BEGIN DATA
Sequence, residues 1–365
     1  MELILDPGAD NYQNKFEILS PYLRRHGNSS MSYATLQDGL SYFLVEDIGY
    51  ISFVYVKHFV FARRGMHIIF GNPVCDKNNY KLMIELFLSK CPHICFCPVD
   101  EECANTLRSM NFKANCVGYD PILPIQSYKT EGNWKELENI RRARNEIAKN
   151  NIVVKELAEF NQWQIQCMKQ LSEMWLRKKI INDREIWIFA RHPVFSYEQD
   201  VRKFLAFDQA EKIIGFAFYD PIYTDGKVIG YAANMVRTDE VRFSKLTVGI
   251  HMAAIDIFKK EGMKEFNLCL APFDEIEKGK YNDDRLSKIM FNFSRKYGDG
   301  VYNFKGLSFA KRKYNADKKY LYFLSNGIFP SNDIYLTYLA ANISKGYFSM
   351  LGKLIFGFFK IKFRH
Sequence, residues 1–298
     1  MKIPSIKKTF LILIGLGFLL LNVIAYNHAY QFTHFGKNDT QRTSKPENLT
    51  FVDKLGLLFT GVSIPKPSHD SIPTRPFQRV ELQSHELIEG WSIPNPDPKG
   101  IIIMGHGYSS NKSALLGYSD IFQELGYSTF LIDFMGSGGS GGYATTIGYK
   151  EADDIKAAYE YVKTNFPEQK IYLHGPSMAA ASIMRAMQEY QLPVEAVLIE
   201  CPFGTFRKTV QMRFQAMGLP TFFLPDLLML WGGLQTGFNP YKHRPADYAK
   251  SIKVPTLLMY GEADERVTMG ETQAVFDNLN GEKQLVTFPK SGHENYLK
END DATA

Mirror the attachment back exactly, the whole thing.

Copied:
Sequence, residues 1–365
     1  MELILDPGAD NYQNKFEILS PYLRRHGNSS MSYATLQDGL SYFLVEDIGY
    51  ISFVYVKHFV FARRGMHIIF GNPVCDKNNY KLMIELFLSK CPHICFCPVD
   101  EECANTLRSM NFKANCVGYD PILPIQSYKT EGNWKELENI RRARNEIAKN
   151  NIVVKELAEF NQWQIQCMKQ LSEMWLRKKI INDREIWIFA RHPVFSYEQD
   201  VRKFLAFDQA EKIIGFAFYD PIYTDGKVIG YAANMVRTDE VRFSKLTVGI
   251  HMAAIDIFKK EGMKEFNLCL APFDEIEKGK YNDDRLSKIM FNFSRKYGDG
   301  VYNFKGLSFA KRKYNADKKY LYFLSNGIFP SNDIYLTYLA ANISKGYFSM
   351  LGKLIFGFFK IKFRH
Sequence, residues 1–298
     1  MKIPSIKKTF LILIGLGFLL LNVIAYNHAY QFTHFGKNDT QRTSKPENLT
    51  FVDKLGLLFT GVSIPKPSHD SIPTRPFQRV ELQSHELIEG WSIPNPDPKG
   101  IIIMGHGYSS NKSALLGYSD IFQELGYSTF LIDFMGSGGS GGYATTIGYK
   151  EADDIKAAYE YVKTNFPEQK IYLHGPSMAA ASIMRAMQEY QLPVEAVLIE
   201  CPFGTFRKTV QMRFQAMGLP TFFLPDLLML WGGLQTGFNP YKHRPADYAK
   251  SIKVPTLLMY GEADERVTMG ETQAVFDNLN GEKQLVTFPK SGHENYLK